One out of every five people in Portland suffers from tinnitus to some degree. It can prove so debilitating to some people, it impacts every aspect of their daily lives. Finding a cure has long been a top priority but has thus far proved elusive. A new research study involving mice has scientists hopeful that this is about to change.
Tinnitus Begins in the Brain
Tinnitus – considered a symptom of another underlying medical condition – affects everybody differently. It’s most often described as a ringing in the ears, but people have also reported buzzing, roaring, hissing, clicking, whooshing, whistling and humming sounds. It also varies in duration and intensity; some patients are barely affected, while others find it seriously impacts their quality of life. Stress, anxiety, lack of sleep, concentration difficulties, impaired memory and depression are common side effects.
There is no cure for tinnitus; instead, your Portland audiologist recommends a number of coping strategies to help you manage the distraction. Masking techniques, noise avoidance, exercise, meditation and prescription drugs often help – but they aren’t a permanent cure.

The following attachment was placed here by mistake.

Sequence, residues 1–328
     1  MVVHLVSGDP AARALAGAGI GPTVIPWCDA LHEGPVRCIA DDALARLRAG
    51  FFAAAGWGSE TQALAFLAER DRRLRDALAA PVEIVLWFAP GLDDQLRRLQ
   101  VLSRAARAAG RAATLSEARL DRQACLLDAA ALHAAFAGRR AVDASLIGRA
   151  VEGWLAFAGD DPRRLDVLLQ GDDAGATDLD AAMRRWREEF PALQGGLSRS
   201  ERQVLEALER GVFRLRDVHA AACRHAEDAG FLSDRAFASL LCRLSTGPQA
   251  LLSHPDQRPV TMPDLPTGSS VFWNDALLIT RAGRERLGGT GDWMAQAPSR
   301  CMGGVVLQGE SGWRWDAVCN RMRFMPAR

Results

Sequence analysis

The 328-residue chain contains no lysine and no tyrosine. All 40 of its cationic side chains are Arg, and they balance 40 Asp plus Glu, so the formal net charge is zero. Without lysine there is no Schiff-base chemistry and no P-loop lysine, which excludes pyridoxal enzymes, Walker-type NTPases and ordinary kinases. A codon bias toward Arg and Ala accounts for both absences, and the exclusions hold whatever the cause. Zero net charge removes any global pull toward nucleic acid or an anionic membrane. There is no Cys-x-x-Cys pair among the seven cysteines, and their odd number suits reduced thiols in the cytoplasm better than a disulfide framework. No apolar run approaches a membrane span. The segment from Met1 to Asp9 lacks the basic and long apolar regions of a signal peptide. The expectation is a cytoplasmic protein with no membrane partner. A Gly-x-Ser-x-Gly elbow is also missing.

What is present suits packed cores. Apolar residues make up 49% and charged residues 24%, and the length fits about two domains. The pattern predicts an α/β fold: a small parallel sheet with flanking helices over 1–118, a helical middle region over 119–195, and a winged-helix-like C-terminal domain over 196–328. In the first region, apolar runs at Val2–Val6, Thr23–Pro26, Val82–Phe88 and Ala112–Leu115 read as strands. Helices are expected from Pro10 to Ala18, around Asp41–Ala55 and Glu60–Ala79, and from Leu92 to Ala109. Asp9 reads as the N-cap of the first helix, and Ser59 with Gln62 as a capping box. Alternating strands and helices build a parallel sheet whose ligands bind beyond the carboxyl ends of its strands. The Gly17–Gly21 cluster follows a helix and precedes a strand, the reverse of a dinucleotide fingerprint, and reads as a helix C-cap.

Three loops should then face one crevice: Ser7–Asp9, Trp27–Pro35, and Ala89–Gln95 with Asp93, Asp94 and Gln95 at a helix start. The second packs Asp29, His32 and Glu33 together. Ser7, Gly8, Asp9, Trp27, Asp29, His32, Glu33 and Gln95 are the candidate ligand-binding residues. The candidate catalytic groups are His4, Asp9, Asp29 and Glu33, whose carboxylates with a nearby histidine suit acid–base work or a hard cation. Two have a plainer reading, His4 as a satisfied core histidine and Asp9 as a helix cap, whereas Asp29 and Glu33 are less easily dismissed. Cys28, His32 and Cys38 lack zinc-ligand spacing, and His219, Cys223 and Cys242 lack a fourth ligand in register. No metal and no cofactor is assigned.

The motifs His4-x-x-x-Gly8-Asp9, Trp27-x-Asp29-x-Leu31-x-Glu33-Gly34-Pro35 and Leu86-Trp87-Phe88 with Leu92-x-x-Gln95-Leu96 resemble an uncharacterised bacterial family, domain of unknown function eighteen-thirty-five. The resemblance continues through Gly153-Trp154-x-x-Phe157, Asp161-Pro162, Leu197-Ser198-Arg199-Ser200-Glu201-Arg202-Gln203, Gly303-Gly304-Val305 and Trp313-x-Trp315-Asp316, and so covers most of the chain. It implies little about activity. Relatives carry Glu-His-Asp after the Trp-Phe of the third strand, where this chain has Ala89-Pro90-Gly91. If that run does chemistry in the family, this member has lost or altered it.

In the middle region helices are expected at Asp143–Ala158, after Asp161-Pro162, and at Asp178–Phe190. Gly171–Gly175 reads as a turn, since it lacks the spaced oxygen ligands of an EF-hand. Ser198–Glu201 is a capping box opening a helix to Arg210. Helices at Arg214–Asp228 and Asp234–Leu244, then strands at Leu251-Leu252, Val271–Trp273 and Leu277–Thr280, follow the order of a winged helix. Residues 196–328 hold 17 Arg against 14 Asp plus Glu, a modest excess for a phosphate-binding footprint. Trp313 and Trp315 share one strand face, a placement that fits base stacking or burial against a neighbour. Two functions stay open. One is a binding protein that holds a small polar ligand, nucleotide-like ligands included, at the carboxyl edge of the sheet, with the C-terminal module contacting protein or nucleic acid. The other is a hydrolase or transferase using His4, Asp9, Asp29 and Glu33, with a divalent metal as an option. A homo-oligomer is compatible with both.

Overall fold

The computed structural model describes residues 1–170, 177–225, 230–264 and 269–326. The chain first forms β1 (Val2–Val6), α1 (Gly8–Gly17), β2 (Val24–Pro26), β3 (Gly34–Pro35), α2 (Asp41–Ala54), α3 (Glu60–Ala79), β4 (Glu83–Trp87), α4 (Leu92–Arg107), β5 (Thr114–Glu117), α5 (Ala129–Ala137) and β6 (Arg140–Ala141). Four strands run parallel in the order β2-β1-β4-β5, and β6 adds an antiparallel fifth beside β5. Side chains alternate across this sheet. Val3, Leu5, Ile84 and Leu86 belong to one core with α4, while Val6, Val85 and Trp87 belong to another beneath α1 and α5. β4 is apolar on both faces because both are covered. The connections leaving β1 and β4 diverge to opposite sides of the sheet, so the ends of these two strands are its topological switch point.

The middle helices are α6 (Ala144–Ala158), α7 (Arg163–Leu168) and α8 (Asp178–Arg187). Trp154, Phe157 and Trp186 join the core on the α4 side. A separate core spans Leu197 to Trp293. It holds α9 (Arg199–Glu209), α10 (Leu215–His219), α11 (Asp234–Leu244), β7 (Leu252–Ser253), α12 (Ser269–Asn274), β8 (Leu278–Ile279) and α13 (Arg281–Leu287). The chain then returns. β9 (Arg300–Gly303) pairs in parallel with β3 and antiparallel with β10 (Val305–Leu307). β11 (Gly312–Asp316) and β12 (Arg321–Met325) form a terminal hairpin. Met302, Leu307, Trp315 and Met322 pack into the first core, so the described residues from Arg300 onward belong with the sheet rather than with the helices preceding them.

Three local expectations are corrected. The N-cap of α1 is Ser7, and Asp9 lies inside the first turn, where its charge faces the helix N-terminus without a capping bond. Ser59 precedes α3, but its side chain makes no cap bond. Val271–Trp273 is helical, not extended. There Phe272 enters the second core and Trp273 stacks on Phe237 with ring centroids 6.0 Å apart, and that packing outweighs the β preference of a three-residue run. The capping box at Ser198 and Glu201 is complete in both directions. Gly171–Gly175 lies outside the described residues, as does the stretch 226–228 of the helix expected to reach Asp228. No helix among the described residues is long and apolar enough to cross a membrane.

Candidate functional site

Researchers from the University of Arizona appear to be headed in the right direction, however. They conducted a study on mice with hearing loss and their findings, published in a recent issue of the PLOS Biology Journal, offer tantalizing new hope that a cure may be found soon.
The research team was able to pinpoint where tinnitus and other hearing disorders, including hyperacusis and central auditory processing disorder, originate: in the region of the brain that processes sound – the auditory cortex. Specifically, they learned that inflammation in the nervous system was the trigger for these types of hearing problems, with a specific molecule known as TNF-A (tumour necrosis factor alpha) responsible for interfering with communication between hearing neurons. When this protein was blocked, researchers were able to not only treat, but actually reverse, tinnitus in the mice. Their results confirmed previous studies that showed a link between hearing loss and inflammation in the auditory pathway, but until now its effect on tinnitus and other related conditions was unknown.
Despite these promising early results, further research must be done in order to determine what, if any, side effects this treatment might have. Eventually, it is hoped that testing will expand to human subjects.
Until then, your Portland audiologist has plenty of strategies to help you manage your tinnitus and lessen its impact on your quality of life. For more information or to schedule an appointment, contact an audiologist today.